Leading Differently: How to Unleash the Greatest Resource in Healthcare
Let me tell you a story.
This story begins with the Johns Hopkins Hospital. No doubt you have heard of it. Today Hopkins is a world-famous center of healing, at the heart of an $8 billion healthcare organization. But 125 years ago, it began with a dream. Hopkins was the first American institution to bring together patient care, research, and post-graduate medical education.
The Johns Hopkins we know today would not have been possible without the leadership of four founding physicians. I learned about them during my decade of education, training, and practicing at Hopkins 40 years ago. Each of these founders was larger than life, and made a lasting impact on American medical care.
- William Welch. Eminent pathologist and researcher, the first dean of Johns Hopkins, and the founder of the School of Public Health.
- William Halsted. Revolutionized surgical technique, trained a generation of surgeons-in-chief, and introduced gloves into the operating room.
- William Osler. “The Father of Modern Medicine.” The most influential physician of the late 19th and early 20th century.
- Howard Kelly. Established both modern gynecology and the application of radiation therapy to gynecologic cancers.
The Flexner Report of 1910 castigated the rough state of American medical education, but pointed to Johns Hopkins as a rare diamond of good practice. The Johns Hopkins model, requiring admission standards and uniting medical school, hospital, and university, became the new standard. An achievement only made possible by the great leadership of its founding physicians.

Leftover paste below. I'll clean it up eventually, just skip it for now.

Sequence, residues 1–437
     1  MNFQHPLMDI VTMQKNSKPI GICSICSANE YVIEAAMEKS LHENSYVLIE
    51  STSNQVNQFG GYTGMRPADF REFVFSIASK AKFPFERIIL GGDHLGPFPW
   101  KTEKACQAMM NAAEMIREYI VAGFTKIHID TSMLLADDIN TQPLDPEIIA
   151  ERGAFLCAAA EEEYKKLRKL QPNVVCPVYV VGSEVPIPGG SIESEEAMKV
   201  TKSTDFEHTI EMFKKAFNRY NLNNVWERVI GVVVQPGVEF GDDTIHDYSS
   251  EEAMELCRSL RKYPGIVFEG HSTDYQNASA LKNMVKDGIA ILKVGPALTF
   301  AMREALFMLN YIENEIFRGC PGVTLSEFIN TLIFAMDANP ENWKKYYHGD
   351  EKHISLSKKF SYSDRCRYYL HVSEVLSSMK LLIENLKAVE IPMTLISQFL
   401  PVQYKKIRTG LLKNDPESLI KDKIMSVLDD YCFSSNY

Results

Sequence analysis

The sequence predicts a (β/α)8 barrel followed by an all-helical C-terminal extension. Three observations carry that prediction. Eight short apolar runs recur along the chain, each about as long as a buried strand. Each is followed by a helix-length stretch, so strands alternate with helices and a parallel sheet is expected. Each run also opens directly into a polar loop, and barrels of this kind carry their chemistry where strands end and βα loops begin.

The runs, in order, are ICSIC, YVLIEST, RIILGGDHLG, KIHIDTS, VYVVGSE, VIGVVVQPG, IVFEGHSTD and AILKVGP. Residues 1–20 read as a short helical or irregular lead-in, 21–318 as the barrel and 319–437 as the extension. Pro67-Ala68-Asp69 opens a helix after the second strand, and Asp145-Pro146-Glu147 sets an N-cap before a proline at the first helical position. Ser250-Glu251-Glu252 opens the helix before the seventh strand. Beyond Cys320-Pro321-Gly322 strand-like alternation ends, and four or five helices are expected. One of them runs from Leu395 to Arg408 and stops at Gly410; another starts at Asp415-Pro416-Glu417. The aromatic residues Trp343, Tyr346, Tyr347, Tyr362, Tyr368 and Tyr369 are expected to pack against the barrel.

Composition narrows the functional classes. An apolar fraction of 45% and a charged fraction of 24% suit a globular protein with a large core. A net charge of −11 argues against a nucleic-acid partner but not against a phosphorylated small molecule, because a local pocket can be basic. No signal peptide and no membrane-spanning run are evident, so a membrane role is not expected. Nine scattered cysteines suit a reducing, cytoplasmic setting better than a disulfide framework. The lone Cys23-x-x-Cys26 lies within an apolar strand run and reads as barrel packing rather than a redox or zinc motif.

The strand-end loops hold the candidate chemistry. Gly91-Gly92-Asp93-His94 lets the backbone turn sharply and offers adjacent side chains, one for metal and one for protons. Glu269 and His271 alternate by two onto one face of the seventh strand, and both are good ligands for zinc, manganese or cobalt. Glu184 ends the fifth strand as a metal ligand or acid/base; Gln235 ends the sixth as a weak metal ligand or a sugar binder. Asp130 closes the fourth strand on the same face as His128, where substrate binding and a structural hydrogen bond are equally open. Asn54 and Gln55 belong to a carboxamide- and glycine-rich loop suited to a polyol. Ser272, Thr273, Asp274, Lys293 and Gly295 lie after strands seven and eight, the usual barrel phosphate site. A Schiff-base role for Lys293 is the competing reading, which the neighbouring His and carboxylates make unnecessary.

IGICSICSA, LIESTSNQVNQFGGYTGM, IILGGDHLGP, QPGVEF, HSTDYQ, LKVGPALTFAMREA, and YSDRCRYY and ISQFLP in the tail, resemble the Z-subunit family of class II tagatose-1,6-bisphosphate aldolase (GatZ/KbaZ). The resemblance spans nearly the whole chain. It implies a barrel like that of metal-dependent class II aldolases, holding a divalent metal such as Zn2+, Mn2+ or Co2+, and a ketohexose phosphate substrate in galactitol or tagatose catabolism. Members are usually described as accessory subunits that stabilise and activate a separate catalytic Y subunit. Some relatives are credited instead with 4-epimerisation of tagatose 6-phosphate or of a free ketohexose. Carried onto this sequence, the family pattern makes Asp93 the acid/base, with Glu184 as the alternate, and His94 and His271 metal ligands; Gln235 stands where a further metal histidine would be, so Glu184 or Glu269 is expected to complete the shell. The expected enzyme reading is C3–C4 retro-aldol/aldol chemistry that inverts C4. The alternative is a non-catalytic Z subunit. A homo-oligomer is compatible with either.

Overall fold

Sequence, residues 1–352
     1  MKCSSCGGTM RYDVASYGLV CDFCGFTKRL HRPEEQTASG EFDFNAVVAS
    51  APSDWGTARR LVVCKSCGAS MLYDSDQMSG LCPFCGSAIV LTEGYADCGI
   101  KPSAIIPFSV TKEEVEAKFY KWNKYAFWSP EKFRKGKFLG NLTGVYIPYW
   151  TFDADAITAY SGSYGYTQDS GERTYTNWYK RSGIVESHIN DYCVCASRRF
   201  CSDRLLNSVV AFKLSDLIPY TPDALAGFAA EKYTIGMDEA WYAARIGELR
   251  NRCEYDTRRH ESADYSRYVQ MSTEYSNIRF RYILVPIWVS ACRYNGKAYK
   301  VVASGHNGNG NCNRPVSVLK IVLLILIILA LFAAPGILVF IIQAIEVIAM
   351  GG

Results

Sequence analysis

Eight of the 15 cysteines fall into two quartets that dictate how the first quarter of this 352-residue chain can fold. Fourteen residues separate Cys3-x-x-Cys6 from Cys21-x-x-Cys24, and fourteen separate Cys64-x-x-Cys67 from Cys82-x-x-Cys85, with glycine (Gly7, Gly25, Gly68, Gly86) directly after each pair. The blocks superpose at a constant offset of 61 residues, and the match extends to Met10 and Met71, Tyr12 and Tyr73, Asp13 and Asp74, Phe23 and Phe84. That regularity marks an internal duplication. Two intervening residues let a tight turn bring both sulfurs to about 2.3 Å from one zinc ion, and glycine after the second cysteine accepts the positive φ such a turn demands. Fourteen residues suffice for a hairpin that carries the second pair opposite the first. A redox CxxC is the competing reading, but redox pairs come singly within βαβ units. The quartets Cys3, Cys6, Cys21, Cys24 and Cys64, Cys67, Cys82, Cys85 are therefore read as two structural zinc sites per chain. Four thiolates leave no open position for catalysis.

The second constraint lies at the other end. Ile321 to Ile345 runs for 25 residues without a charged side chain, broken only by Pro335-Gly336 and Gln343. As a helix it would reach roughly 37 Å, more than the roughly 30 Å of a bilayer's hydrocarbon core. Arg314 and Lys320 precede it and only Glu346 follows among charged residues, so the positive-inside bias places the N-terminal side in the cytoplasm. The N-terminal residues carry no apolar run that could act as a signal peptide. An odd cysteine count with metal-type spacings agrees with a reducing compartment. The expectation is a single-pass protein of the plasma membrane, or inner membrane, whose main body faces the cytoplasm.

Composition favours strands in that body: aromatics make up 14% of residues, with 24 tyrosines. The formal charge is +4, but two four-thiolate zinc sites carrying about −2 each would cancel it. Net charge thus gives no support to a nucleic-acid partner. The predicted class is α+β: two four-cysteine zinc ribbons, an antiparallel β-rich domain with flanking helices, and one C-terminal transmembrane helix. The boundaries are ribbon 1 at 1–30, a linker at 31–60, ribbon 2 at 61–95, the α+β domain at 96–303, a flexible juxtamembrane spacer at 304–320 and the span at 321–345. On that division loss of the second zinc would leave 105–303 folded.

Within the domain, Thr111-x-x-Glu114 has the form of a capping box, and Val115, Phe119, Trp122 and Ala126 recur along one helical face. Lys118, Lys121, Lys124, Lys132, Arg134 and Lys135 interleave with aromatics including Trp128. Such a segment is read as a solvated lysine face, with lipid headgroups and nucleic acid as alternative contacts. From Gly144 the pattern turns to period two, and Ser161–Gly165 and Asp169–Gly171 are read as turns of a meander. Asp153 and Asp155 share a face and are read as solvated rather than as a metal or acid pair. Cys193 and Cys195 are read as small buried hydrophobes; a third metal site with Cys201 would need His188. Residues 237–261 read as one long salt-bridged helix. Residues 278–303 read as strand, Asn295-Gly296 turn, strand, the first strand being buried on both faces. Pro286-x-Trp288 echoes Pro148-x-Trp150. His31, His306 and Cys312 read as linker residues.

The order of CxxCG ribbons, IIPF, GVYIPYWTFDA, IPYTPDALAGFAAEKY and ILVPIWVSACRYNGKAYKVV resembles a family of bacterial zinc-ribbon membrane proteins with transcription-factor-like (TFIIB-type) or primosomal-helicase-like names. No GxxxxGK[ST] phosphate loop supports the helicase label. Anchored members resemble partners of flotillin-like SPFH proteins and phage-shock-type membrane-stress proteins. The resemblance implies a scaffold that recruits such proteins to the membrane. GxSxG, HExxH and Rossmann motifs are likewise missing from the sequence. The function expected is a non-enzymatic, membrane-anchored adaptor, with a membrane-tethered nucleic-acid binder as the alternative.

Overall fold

Healthcare Needs Great Leaders Today, More Than Ever
Remember these four numbers.
5 18 30 45
Now is a tremendous time of discovery and innovation in biomedicine and medical technology. There’s unbelievable promise in precision medicine. Virtual reality and other new technologies are all just around the corner. But the one thing that really hasn’t changed is how medical organizations are structured and led.
That’s where our healthcare system is getting stuck.
Technology is innovating, but leadership is standing still. Today American healthcare runs on a system we have built, but not designed. We’ve built a healthcare system that’s expensive and very good at delivering acute care, but that fails in other areas.
Four statistics tell the story of our healthcare system today.
- 5 percent of patients account for over 50 percent of healthcare costs.
- 18 percent of the United States Gross Domestic Product is spent on healthcare.
- The average lifespan has increased 30 years over the past century.
- 45 percent of Americans (135 million) have at least one chronic disease.
We all share a vision of better healthcare. We all know that coordinated, patient-centered care is better than fragmented, health system-centered care. The problem isn’t lack of knowledge of the issues, or lack of a shared vision of how healthcare could be better. The problem is the failure of the leadership we need to get there.
So, let’s talk about leading differently.
Great Leadership is a Mindset. Do You Have It?
Over many years, I’ve seen everything that works and everything that doesn’t work in healthcare leadership. If we want to make change quicker, we need to lead differently.